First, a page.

The UK's oldest Jewish golf club is pulling back shares from members in order to protect Jewish membership.

Last week Moor Allerton Golf Club in Leeds, a private club opened in 1923, announced in an advertisement that shares from 420 shareholders would be transferred to a special trust, because they were unable to contact them.

But among the shareholders named were a number of prominent Jewish figures, some of whom were widely known to have died.

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Hospital looks at complaints

By Jonathan Kalmus, December 23, 2010

North Manchester General Hospital is investigating complaints about how it treats Jewish patients.

A report next week by the Crumpsall hospital, which serves the largest Jewish community outside London, is to outline strategies to tackle a host of issues. They include kosher meals given cold or partly frozen to patients, staff failing to offer Jewish chaplain and visitor services and delays in transporting patients who had died.

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Chaplain flies in

By Jonathan Kalmus, December 23, 2010

Manchester Airport has introduced its first Jewish chaplain. In a statement the airport said the move comes following the death of an 85-year-old man from Crumpsall on a flight from Tel Aviv in June. Rabbi Jonathan Roitenbarg, 33, from Prestwich, will now offer on-call assistance to Jewish passengers and will visit twice a week to coincide with two Tel Aviv flights.

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Manchester shul seeks home for historic items

By Jonathan Kalmus, December 23, 2010

South Manchester's sephardi community is giving away the antique contents of a synagogue which is to be demolished.

Didsbury's Shaare Zedek Synagogue, which was sold to pay for a newly built synagogue closer to congregants who now live in Hale, is to be demolished in January. Antique furnishing from the 1920s building are being offered, including a large aron kodesh (ark), period light fittings and oak furniture. Wooden pews to seat 200 people have already been donated to Hillock Hebrew Congregation in Bury, whose own pews were in urgent need of replacement.

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You Can Do It kosher

By Jonathan Kalmus, December 23, 2010

DIY giant B&Q has opened its first kosher kitchen showroom in a bid to entice Jewish customers.

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It's snow joke – road grit needed

By Jonathan Kalmus, December 22, 2010

An appeal for 20 tonnes of road grit for the Jewish community has been launched by a Manchester volunteer group.

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FOI papers 'lost', say

By Jonathan Kalmus, December 22, 2010

Civil servants lost a Freedom of Information appeal which could shed light on a missing Israeli soldier.

The Foreign Office said it did not know what had happened to papers requesting a 1982 ambassador's report, which may have contained references to Zachary Baumel. It only said they had been passed to the Information Commissioner's Office. But an official there said: "The FO are dealing with it. It's not an ongoing case with us."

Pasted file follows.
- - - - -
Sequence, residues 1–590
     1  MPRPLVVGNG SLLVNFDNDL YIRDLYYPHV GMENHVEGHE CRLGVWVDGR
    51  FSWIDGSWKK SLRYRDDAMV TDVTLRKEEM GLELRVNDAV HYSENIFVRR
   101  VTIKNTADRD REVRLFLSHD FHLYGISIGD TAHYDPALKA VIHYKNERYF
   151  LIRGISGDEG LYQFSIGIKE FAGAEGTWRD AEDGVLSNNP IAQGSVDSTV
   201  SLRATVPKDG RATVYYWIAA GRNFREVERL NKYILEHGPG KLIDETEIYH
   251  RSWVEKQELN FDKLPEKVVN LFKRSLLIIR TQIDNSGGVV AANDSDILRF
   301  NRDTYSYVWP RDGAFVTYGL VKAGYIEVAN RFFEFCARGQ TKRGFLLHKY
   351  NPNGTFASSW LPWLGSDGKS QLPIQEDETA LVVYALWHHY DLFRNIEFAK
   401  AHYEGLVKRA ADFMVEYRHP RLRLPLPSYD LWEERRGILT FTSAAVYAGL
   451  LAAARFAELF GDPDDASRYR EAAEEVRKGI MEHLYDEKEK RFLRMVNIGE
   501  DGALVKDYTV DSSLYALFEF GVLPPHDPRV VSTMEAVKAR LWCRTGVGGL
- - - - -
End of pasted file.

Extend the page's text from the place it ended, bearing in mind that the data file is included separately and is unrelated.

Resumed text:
Now lawyers acting for the soldier's family have been asked by the FO to make a fresh appeal. But they fear the mix-up could be a delaying tactic.

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Foreign Office says no to MIA report

By Jonathan Kalmus, December 16, 2010

The British government is refusing to release documents which could shed light on the fate of three Israeli soldiers missing since 1982 because it says sensitive information could harm diplomatic relations with Syria.

On June 11 1982, three Israeli soldiers went missing after a battle with Syrian and Palestinian forces near the Lebanese village of Sultan Yaqub in the last moments of the Lebanon war. Zachary Baumel, Yehuda Katz and Zvi Feldman, all in their 20s at the time, are still officially MIA - missing in action.

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Hip flats to woo youth

By Jonathan Kalmus, December 16, 2010

A novel plan to offer fashionable and affordable housing targeted at young professionals in Leeds is to be launched in a bid to attract young people to the community.

The idea has come from Leeds' newly hired Jewish community development executive, Susie Gordon, who is developing a three-year strategic plan to reverse the numbers of young people leaving the community and strengthen its demographic base. She believes traditional community plans which rely on running events for young people is not enough.

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Fears over losing a local public voice

By Jonathan Kalmus, December 16, 2010

North Manchester's Jewish community could lose its only public forum for voicing concern over local issues after Bury council is looking to scrap local meetings to save money.

Local Area Partnership (Lap) meetings cost the council an estimated £200,000 to arrange a forum where police commanders, all local councillors and other authority representatives hold open meetings for local people to attend six times a year. They have also issued over £1 million in local grants including money to repair the Jewish Rainsough Cemetery.